it was a typical sunday evening. we had just settled in from a long day of workouts, errands, and random household chores. the kids were huddled up on the couch, eyes scanning the rectangular screen, fingers rapidly pressing and swiping, and their intent faces illuminated by the bluish glow shining up from their laps. tablet time.
“dinner’s almost ready guys! can you please turn that off and wash your hands.”
“excuse me! did you hear what i just said?”
nada. they didn’t even flinch.
as i watched them, the scene from afar was heart-warming. the two brothers, lately more sparring partners than adoring siblings, were giggling, smiling, admiring each others’ mastery of the ginsu knife swipe on “fruit ninja.”
but their utter entrancement with the device—and complete lack of acknowledgement of me—were starting to bug.
“hey, you guys need to listen to mommy!” my husband said sternly, looking back at me to exchange eye-rolls before heading out the front door to take out the trash.
“ok. 5 more minutes, PLEASE!! i just need to get to the next level.”
ugh. my will to fight was sucked up in the puffs of steam rising from the medley of pots and pans on the stove, so i gave in.
“fine…but you better turn it off as soon as your time is up.”
2 minutes later, daddy returned, flinging the door open and bursting in with a huge, cheshire cat grin on his face.
his hands were cupped and loosely pressed together.
“GUESS WHAT I’VE GOT, BOYS!”
he was giddy with excitement.
the commotion jarred the zombies out of their trance, and they looked up in unison to see what the surprise was.
he moved his hands closer and we leaned in.
and then we saw it. the bright, green glow flashing intermittently in his hands.
“WHOA! COOL!” the boys squealed as they watched the magic bug light up.
city fireflies are few and far between—in fact it had been decades since i had seen one—so despite my distaste for bugs in general, i too was mesmerized by the light.
i can remember vividly spending hours catching fireflies in my front yard on a late summer evening at dusk. i was around my son’s age, 8 or 9. my brother and i, and the neighborhood twins, were in the front driveway playing four square (old school—you know, the kind with an actual red ball).
as the sun began to set and the daylight dimmed, we started to notice green flickers of light hovering above the lawn. first a few, and then more. it was a spectacle. magic. and we ran into the grass to see if we could catch them.
they weren’t afraid. they weren’t elusive. they buzzed around with no clear direction, almost beckoning our eager hands to take hold. we’d reach out and snatch one—glowing life and light—cupped gently in the palm of our hands…just like my husband’s.
i thought of that summer night with nostalgia and longing…for carefree times and endless days and simple pleasures.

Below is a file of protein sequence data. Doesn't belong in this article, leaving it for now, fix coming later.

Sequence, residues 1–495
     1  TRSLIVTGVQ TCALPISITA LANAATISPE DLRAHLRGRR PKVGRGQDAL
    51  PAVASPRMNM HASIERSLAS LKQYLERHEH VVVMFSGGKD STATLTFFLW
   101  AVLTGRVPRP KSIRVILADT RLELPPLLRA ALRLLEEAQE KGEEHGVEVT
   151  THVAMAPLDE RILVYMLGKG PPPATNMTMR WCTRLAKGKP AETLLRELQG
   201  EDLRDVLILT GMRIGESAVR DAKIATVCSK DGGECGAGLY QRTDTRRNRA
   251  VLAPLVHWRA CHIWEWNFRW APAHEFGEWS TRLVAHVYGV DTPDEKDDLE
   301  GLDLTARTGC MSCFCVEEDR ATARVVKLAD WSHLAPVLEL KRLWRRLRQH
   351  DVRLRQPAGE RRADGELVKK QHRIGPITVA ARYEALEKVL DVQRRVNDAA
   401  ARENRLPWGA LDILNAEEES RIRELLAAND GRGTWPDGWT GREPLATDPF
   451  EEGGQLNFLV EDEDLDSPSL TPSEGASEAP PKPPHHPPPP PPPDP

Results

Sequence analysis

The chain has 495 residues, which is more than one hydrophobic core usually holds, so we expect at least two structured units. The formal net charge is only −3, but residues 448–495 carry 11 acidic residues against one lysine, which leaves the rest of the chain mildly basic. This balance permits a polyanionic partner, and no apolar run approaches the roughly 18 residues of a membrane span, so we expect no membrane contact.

our kids are growing up in a different world. a digital world. and technology has, in many ways, brought “the world” into their hands. facts, knowledge, information, all at their fingertips.
and the frenzy over every new device— most recently the new “magical” iphone 5S—has become human nature for many of us. but i read a provocative, and in my opinion quite profound, article in FastCoDesign about a recent apple commercial that expressed something that i’ve been feeling since the 4, 4S and 5 releases.
everyone is telling me i should care. every time a new model, software version or operating system rolls out, i’m supposed to pant with anticipation for the next new shiny thing. the commercial itself heralds the proclamation:
“this is it. this is what matters. the experience of a product.”
as the author mark wilson writes, "Watch the ad closely for me. As we’re told that products are what matter, we see a series of shots in which people actively turn away from life to engage with their technology…. In what should be a warm, humanizing montage, people are constantly directing their attention away from one another and the real, panoramic world to soak in pixels."
no doubt technology has transformed life as we know it…and in many mind-blowing ways for the better. but don’t be fooled by the bright, shiny glow. no device can ever replace the feeling of sun on your skin, the twinkle in your kids’ eyes, sparkles of light dancing on the water.
it’s up to us to carve out time, “catch fireflies,” keep some moments sacred, devoid of devices and things that impede rather than enhance our experience of life. for our kids—and ourselves—these are the bright, shiny objects we should seek and hold precious. they are the ones filled with magic light that sinks into your soul and lingers long after you let go.